I could be wrong about all of this. Hate my predictions? Well, go vote and maybe something else will happen. Even if you are as apathetic as I am, go out and vote so you can complain about it later.





After the Glow Wears Off – Why Fandom Doesn’t Work With Politicians

26 05 2010

In the aftermath of the explosion of the Deep Water Horizon – that oil rig in the Gulf of Mexico – and the subsequent ecological catastrophe which is, as of right now, still intensifying something is happening in the minds of many Americans. They are realizing that Barack Obama, the President of the United States, is not a super hero. He cannot take out his Super-Duper Galactic Fix-It Ray and make the problem and all the foibles that come with trying to fix it just go away and neither can Hillary Clinton, Mitt Romney, Sarah Palin, or anyone else. Winning an election gets you a very big job, a place in the history books, and that’s it. The pants you put on in the morning may be bullet-proof – yes, they do exist – but you still put them on the same way anyone else does.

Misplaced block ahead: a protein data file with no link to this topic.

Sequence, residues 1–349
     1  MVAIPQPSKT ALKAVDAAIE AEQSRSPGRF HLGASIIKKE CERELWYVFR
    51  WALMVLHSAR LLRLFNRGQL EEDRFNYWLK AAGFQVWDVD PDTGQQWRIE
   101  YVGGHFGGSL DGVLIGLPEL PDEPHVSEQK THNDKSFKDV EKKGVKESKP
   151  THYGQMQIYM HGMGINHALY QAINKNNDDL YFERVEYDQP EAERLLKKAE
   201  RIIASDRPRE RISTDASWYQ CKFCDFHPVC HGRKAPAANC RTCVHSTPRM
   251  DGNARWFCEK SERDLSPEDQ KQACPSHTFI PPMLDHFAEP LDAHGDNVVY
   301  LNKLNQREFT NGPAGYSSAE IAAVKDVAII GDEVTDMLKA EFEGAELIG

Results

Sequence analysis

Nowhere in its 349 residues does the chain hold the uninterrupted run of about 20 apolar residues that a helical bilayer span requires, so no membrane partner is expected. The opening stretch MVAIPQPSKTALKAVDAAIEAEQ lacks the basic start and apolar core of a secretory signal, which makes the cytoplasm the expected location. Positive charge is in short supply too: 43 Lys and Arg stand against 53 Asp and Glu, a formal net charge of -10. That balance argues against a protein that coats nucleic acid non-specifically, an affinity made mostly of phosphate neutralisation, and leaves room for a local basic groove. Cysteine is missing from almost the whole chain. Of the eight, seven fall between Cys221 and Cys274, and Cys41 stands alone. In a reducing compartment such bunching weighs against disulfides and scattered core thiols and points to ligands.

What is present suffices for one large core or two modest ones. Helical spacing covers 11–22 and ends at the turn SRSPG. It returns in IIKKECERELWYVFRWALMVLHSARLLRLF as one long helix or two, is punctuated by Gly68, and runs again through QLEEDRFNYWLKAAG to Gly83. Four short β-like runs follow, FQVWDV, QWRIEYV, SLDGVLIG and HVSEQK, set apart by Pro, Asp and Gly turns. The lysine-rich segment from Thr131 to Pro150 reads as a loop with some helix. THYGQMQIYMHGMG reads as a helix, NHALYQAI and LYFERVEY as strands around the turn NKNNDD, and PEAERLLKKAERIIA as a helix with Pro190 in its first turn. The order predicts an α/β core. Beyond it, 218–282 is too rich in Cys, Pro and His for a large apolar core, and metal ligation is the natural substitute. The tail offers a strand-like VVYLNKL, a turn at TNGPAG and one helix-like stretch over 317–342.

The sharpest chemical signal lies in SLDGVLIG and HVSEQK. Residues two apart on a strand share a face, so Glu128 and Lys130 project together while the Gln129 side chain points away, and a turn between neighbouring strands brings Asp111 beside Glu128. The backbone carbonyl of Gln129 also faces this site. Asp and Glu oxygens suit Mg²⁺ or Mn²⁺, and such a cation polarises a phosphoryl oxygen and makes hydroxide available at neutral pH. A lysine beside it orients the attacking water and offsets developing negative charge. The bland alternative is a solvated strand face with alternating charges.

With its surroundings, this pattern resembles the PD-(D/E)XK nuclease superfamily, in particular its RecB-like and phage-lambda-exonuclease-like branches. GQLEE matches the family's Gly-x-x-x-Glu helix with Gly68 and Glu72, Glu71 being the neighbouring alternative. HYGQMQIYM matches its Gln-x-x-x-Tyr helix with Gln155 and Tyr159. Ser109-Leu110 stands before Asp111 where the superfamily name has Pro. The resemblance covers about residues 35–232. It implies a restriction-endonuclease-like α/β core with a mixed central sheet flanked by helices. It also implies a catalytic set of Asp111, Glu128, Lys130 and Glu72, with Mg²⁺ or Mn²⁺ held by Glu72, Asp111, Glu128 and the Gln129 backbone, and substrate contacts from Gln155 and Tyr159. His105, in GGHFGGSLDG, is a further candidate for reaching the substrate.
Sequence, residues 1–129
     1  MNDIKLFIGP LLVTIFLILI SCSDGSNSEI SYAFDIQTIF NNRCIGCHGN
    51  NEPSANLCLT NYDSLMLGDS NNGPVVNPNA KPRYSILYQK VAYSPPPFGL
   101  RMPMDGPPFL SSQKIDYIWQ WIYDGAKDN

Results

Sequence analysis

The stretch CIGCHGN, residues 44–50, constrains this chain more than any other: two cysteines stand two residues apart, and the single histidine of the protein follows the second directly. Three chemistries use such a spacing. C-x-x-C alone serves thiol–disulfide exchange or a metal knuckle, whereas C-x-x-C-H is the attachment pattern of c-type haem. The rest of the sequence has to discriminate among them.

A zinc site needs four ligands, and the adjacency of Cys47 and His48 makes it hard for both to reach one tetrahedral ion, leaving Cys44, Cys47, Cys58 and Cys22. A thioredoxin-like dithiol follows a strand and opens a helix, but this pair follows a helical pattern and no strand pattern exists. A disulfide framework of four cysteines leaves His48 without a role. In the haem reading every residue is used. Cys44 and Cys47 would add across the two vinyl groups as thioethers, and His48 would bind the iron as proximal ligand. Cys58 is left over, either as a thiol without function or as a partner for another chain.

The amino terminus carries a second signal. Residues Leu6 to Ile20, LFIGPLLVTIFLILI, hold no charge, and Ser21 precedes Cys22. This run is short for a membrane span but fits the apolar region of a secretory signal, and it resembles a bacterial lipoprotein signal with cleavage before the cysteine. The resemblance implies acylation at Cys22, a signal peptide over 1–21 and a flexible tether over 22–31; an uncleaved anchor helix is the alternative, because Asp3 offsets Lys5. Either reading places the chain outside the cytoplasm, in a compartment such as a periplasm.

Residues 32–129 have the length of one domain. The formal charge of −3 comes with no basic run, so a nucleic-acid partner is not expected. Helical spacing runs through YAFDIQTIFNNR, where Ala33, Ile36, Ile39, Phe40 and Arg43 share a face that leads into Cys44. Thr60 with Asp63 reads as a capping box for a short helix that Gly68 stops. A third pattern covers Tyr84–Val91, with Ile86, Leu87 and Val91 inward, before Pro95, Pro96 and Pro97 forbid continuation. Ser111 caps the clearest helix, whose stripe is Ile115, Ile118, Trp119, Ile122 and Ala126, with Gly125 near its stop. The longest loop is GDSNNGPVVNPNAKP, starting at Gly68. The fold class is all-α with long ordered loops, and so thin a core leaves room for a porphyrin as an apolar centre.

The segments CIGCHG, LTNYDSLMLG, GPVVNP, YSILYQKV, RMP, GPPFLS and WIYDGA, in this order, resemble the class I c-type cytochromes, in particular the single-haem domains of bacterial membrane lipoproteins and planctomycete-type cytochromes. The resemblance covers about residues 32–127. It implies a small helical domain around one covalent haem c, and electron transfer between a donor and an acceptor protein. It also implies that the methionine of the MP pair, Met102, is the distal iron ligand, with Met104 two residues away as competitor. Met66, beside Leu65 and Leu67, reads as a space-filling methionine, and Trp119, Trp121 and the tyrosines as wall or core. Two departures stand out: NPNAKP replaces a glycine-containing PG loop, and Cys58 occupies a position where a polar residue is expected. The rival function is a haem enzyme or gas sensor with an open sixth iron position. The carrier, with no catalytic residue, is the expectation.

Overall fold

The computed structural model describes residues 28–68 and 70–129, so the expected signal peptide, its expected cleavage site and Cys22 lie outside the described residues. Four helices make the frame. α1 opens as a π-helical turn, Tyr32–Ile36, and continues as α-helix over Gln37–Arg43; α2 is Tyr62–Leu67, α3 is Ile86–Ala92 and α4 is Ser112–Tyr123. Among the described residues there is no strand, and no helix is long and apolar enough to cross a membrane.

In the 2008 presidential election, particularly on the democratic side, much was made of the candidates’ personalities and whether or not they were “likable” enough. If it hadn’t been for that, I believe I’d be sitting here kvetching about the latest mistake President Clinton made – President Hillary Clinton, that is. She had everything – money, connections, experience – everything but a triple dose of charisma and that was her downfall. She couldn’t change who she was, so she lost. It’s not fair, but it’s the nature of the game. You have to be “likable” and you either are or you aren’t. For many people Barack Obama was The Man – the man to elect, the man to back, the man you’d want to have a beer with, just the man. In the world of Political High School, he was the captain of the football team and valedictorian all rolled into one while then-Senator Clinton was the jealous, geeky, overachiever on the debate team, and John McCain was the guy who played a lot of Dungeons and Dragons. Neither of them had a chance in hindsight.